Antibiotic resistance research and surveillance

Antibiotic use and antibiotic resistance are monitored in Canada. Attention is especially given to antibiotic resistance in healthcare settings and in our food chain.

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Antibiotic use and resistance surveillance systems

Antibiotic use and antibiotic resistance are monitored in Canada through four surveillance systems:

The National Microbiology Laboratory of the Public Health Agency of Canada (the Agency) contributes to research and surveillance by:

  • providing services to provincial public health and hospital laboratories that help confirm antibiotic resistance in bacteria,
  • supporting outbreak investigations, and
  • conducting research to identify new technologies and methodologies that could influence both antibiotic use and the identification of resistant bacteria.

The Laboratory for Foodborne Zoonoses looks at the public health risks of antibiotic resistance that come from interactions between humans, animals and the environment.

Canadian Integrated Program for Antimicrobial Resistance Surveillance

CIPARS monitors trends in antimicrobial use and antimicrobial resistance. It examines the relationship between antimicrobials used in animals and humans and the potential effects on public health. The program also monitors select bacteria from samples taken from farms, meat processing plants, retail food outlets and from humans.

CIPARS gathers information to support the following activities:

  • creation of evidence-based policies to support responsible antimicrobial use in hospital, community and agricultural settings, and
  • identification of potential measures that could minimize the emergence and spread of resistant bacteria among animals, food and people.

Canadian Nosocomial Infection Surveillance Program

The Agency collects national data on antimicrobial-resistant organisms through CNISP. This program provides rates and trends of healthcare-associated infections in Canadian healthcare facilities. This allows for the comparison of rates nationally and internationally.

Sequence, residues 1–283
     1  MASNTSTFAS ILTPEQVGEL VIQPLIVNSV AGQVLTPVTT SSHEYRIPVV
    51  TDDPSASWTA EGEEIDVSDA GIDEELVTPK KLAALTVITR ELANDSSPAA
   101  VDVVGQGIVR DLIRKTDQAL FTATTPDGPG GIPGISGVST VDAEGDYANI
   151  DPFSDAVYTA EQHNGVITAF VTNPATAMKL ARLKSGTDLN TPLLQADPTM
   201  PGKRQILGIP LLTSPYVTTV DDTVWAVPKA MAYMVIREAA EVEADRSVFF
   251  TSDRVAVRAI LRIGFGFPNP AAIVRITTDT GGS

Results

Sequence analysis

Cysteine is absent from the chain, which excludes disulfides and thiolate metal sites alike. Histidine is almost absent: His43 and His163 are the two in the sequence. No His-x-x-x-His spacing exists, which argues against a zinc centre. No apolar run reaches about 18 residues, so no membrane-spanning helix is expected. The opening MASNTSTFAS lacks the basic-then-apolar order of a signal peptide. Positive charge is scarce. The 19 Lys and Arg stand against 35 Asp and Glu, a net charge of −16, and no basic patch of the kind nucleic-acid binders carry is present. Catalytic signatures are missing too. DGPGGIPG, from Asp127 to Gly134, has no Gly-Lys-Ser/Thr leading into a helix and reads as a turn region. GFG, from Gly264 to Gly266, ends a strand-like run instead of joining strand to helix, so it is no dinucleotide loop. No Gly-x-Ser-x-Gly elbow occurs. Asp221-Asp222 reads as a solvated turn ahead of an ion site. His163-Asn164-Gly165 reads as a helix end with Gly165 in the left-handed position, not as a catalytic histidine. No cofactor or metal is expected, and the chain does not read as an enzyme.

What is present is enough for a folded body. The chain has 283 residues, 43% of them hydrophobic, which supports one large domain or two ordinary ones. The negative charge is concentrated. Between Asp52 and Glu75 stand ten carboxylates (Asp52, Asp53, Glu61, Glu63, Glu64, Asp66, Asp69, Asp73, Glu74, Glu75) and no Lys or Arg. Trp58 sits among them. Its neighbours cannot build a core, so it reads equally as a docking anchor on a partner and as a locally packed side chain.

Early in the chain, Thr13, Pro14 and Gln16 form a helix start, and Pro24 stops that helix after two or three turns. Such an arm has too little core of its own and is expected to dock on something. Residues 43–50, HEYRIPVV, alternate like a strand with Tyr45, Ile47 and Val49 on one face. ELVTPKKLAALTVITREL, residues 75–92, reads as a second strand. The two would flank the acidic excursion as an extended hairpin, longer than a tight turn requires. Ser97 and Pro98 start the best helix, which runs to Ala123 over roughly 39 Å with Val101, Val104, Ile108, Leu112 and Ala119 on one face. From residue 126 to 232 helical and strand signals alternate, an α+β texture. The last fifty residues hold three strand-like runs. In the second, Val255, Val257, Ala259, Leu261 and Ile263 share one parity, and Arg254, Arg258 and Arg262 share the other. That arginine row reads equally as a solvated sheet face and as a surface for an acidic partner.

Enhanced surveillance of antimicrobial-resistant gonorrhea program

The Agency is establishing a new enhanced surveillance system for antimicrobial-resistant gonorrhea (ESAG). The ESAG program provides:

  • information on risk factors associated with antimicrobial-resistant gonorrhea,
  • surveillance evidence to inform treatment recommendations in the Canadian Guidelines on Sexually Transmitted Infections, and
  • evidence for public health interventions to minimize the spread of antimicrobial-resistant gonorrhea in Canada.

Antibiotic resistance in healthcare settings

Antibiotic-resistant bacteria can spread in healthcare settings. If these resistant bacteria spread, they are tracked. This allows for comparisons over time and between regions.

Here are some examples of the types of bacteria and the kind of information that is tracked:

Methicillin-resistant Staphylococcus aureus (MRSA):

  • Nationally, MRSA infection rates have been declining since 2009.
  • Adult infection rates have steadily declined since 2009 while pediatric (ages 0 to 18 years) infection rates have increased.
  • Skin, soft tissue or burns are the most common source of MRSA clinical infections.

Vancomycin-resistant enterococci (VRE):

  • VRE infection rates remain low but have been increasing since 2008.
  • 52% of VRE infections are among patients aged 65 years or older.
  • 51% of all VRE infections are urinary tract infections.

Carbapenem-resistant Enterobacteriaceae (CRE):

  • The number of cases of CRE remains low in Canada.

Antibiotic resistance and the food chain

Antibiotic resistance can spread through the food chain making it important to examine the relationship between the antibiotics used in animals and in people. It is also important to examine that relationship for its impacts on human antibiotic resistance.

  • Important antibiotics used to treat human infections are also used to prevent and treat illness in animals.
  • Antibiotics are used in veterinary medicine and in animals used for food production.
  • Resistant bacteria can also spread to farm workers who directly handle farm animals.

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